It id a group of reishi fungi depicted in mountain mahogany which was inspired by the many different fungi and I saw in Japan last autumn (there are pictures of them on my instagram). This has a light staining to finish using yashadama. Spurs on the underside of the fungi heads have been depicted using ukibori technique.
So. I have been promising a new Belafonte model for some time now since my first attempt 4 or 5 years ago. My love of the movie The Life Aquatic With Steve Zissou has not abated during this time and I had always planned on making another Belafonte. I had always thought I would make a bigger model but the opportunity arrived as a commission for a small (very small) 1:220 waterline model.
At this scale the whole model is around 22cm long (just over 10 inch) so doing any fine detail is a challenge but i was excited to give it a go. I made the base and blocks for the upper deck from solid boxwood. The detailed decking and windows ect. were laser cut from 0.4mm plywood. The rails are all brass etchings and I used brass rod for the cranes, flag poles and antennae array. I used plasic rod for various other bits-and-bobs.
The water slide decals were expertly and professionally made by Robert at Wessex Transfers in Australia. They were made quickly and very reasonably priced and arrived from half way around the world in a very short time. I really can’t recommend him enough, they were done to my exact specifications.
Painting was a nightmare and isn’t my strong point but it came out looking pretty good.
Anyway enjoy some progress photos and then finished photos. There are more on my instagram.
And finished shots….
Last of all I happy to announce I am making a second 1:220 scale model Belafonte which will have a full Hull. I will be advertising it for sale on this blog when finished. Keep an eye out for it.
In September of 2015 myself and my fiance visited Japan and traveled to several different locations including Tokyo, Kyoto, Nara, Takayama, and Kanazawa. My most recent netsuke carving at the time accompanied us on our travels. This was a carving of a fox disguised as a priest which gave me great pleasure to make. I was also very pleased with the results and had taken it with me to show anyone who may be interested as I made my way round visiting netsuke collectors and dealers.
Unfortunately the fox priest had better ideas and finally gave me the slip in Kanazawa. I can only imagine now he is completing some pilgrimage or has taken up residence with a kindly Japanese family. Either way I wish him the best.
Here are the only recorded pictures of him, before completion and enjoying the view from the Park Hyatt Tokyo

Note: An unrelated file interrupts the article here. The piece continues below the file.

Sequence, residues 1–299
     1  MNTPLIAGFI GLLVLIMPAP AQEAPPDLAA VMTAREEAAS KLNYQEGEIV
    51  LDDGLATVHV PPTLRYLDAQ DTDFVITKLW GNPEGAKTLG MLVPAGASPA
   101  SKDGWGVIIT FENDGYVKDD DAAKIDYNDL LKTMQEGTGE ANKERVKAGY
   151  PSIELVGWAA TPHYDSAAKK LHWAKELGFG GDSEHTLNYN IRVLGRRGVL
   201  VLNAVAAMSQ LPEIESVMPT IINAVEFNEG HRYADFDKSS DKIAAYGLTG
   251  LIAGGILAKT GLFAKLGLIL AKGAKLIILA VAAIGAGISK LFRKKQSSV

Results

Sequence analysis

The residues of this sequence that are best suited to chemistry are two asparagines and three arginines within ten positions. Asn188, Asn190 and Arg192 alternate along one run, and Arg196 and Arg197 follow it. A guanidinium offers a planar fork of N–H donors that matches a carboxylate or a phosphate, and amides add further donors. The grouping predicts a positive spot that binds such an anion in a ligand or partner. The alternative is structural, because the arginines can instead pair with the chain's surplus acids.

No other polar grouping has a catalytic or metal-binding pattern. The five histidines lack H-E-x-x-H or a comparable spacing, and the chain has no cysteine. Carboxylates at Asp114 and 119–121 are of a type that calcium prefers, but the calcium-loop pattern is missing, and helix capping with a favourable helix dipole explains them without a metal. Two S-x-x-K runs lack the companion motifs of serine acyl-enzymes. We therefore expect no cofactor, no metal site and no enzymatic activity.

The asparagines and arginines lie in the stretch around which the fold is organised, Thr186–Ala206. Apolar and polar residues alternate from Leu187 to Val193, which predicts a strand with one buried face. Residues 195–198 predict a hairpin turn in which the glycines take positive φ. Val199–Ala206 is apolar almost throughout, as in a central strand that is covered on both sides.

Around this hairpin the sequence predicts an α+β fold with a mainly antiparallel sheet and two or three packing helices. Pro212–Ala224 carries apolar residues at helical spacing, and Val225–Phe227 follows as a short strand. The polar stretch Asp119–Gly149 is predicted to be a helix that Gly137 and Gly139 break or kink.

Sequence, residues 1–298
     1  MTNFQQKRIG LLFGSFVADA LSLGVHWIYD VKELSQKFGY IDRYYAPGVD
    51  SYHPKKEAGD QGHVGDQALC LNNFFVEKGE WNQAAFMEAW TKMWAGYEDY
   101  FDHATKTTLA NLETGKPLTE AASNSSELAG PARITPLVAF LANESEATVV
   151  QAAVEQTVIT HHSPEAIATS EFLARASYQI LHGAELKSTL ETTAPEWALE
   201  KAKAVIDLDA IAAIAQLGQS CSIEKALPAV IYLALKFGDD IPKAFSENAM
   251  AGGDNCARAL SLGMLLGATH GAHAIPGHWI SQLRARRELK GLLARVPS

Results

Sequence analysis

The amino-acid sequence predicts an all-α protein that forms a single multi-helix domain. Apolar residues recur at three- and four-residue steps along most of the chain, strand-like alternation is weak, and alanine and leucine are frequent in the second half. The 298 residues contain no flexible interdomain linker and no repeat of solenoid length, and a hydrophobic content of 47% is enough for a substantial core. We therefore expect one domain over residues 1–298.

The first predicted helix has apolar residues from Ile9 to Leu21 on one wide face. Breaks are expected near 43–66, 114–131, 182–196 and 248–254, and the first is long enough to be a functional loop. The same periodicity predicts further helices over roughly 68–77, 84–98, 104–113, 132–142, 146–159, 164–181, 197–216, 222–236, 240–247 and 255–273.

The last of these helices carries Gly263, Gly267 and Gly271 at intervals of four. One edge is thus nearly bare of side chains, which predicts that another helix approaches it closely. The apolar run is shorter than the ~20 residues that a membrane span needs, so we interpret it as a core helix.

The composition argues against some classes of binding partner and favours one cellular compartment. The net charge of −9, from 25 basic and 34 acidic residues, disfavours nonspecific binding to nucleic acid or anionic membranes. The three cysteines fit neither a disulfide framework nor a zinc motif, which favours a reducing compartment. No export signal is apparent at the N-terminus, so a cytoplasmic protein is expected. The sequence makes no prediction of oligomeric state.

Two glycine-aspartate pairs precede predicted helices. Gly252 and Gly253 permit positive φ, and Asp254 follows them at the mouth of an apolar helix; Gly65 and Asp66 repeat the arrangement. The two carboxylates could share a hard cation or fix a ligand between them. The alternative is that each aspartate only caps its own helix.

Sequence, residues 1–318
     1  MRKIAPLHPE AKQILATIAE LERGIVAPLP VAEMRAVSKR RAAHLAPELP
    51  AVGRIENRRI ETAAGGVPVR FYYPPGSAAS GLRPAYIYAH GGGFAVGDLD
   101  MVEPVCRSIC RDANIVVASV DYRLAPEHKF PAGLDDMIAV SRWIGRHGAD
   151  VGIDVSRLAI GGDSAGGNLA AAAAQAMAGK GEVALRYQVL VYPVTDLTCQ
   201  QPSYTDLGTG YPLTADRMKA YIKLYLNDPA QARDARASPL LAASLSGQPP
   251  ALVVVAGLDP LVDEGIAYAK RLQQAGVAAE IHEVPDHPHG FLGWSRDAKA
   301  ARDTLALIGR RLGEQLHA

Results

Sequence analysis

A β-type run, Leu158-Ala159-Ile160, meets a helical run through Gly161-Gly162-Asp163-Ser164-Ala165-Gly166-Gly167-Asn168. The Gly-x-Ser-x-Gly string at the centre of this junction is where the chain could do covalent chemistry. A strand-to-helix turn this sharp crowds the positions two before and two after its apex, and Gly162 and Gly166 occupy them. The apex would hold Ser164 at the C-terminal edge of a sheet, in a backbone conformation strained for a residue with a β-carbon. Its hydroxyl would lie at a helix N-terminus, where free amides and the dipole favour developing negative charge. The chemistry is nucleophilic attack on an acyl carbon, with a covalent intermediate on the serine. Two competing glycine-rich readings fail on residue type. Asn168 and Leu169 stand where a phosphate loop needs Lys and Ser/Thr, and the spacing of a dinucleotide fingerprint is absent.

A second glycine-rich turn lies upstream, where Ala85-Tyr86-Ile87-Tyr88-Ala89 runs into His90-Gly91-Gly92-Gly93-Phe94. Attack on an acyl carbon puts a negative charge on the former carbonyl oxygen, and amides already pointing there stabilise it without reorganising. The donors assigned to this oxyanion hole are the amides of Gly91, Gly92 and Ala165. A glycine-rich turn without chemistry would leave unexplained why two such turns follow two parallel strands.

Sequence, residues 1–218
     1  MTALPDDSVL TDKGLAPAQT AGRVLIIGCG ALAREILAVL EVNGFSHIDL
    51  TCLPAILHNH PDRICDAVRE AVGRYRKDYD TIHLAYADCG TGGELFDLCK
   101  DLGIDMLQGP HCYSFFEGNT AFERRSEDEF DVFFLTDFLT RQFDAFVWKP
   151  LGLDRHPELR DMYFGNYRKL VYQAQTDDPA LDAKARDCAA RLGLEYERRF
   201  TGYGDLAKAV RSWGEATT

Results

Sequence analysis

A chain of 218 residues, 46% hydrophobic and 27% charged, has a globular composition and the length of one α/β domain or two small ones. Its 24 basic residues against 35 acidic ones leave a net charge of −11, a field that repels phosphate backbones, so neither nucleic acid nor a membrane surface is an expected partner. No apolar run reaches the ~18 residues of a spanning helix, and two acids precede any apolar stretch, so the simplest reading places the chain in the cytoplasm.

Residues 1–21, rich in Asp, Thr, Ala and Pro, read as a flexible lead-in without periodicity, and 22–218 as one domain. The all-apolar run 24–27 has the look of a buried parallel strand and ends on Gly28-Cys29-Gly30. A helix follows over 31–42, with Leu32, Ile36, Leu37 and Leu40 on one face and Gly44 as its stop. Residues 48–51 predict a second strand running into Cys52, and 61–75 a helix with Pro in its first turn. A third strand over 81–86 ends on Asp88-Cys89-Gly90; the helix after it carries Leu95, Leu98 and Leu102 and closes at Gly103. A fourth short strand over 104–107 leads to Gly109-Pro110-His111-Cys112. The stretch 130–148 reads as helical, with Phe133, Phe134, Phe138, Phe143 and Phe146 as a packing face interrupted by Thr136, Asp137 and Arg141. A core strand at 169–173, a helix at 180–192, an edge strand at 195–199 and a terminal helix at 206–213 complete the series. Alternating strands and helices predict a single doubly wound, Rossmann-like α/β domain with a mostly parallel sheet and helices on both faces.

I recently returned (reluctantly) from an 18 day holiday to Japan. This comprised of a 4 day stay in Tokyo, 2 nights in Takayama, 2 in Kanazawa, 3 in Nara and 4 in Kyoto (plus one in the airport hotel at Osaka which isn’t worth discussing further). The purpose of this trip was primarily a holiday planned around interesting sights and michelin star restaurants. High on my personal agenda throughout the holiday was antique shopping and museum visits to hunt for netsuke and urushi work though almost anything old and well made will grab my attention. Before going on my trip I couldn’t find any short guides to buying antiques in japan so here are some of my essential tips.
Antique shopping in Japan
First off I will give a bit of a general overview of my experience when antique shopping in Japan which was mainly positive. My experience ranged from vintage open air markets, little junk shops and more professional dealers. Almost everybody I spoke to was willing to entertain the idea of me buying something (I think one or two stores in Kyoto were not but I can’t be sure of this, I was just politely but firmly ushered out) and everyone I spoke to was willing to negotiate on prices. The strength of the exchange rate at the time of my visit probably helped with this but having a few key phrases really helped too. A few cheap phone apps can help with this. there are many on the market which provide key phrases. It really took people by surprise being able to ask a few things in Japanese when browsing and negotiating. Key phrases I would learn are:
- Hello, good morning, afternoon, or evening (the right greeting at the right time of day goes a long way)
- Excuse me (when wanting to ask for assistance or wanting to say sorry for saying or doing something wrong or stupid)
- How much is it? (absolutely crucial)
- Can you give discount? (don’t be frightened to ask as I can’t remember one person who said no)
- I’ll have to think about it. (this phase is an absolute as you always need a get out clause when negotiating and this will give you time to think)